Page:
Research NewsNEUROPHYSIOLOGY

Teaching the Spinal Cord to Walk

Science  16 Jan 1998:
Vol. 279, Issue 5349, pp. 319-321
DOI: 10.1126/science.279.5349.319

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Summary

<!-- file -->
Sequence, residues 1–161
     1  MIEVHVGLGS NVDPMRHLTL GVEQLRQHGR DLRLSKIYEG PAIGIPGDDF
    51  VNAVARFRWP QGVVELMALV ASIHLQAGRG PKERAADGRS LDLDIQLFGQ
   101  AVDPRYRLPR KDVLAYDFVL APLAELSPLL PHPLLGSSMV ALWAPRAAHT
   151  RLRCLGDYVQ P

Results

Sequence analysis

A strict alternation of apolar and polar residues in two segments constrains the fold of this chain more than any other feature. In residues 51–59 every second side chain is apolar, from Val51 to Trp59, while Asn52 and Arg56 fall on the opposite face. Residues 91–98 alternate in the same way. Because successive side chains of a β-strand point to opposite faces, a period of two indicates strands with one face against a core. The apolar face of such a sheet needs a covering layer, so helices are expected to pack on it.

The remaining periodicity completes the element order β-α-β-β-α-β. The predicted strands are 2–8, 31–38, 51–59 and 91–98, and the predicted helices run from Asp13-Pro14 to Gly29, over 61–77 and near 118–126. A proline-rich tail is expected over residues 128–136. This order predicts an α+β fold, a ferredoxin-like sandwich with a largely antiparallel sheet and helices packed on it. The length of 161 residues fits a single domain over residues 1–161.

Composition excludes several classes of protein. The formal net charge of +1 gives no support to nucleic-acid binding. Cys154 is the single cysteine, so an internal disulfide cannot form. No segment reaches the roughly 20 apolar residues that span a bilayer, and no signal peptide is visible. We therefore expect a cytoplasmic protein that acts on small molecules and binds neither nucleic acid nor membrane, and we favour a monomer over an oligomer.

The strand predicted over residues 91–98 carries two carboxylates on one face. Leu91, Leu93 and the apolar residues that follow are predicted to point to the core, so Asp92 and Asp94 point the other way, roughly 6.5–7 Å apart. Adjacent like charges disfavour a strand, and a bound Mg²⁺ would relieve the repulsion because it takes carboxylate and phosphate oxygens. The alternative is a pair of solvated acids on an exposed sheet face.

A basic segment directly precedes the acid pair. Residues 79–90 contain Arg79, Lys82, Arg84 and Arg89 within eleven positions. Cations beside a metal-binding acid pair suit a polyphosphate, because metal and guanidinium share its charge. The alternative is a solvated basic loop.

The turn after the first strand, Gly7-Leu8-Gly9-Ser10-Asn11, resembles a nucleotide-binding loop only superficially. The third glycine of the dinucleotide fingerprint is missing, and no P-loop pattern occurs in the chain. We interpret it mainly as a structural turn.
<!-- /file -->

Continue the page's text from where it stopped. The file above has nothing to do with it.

A flurry of recent work suggests that, with proper training, some patients with spinal cord injuries can regain at least a limited ability to walk. The idea is buttressed by a large and growing body of evidence in cats and now in humans showing that, contrary to dogma, the adult mammalian spinal cord can perform on its own, largely independent of the brain, many of the functions necessary for walking. What's more, recent data show that neural circuits governing locomotion in the spinal cord can "learn," by altering their connections. More work will be needed to confirm these encouraging, but early, results, and even supporters caution that no one knows how much improvement individual patients can expect from the treatment. Furthermore, many patients, including those whose spinal cords are completely severed and quadriplegics, will not benefit from the approach.

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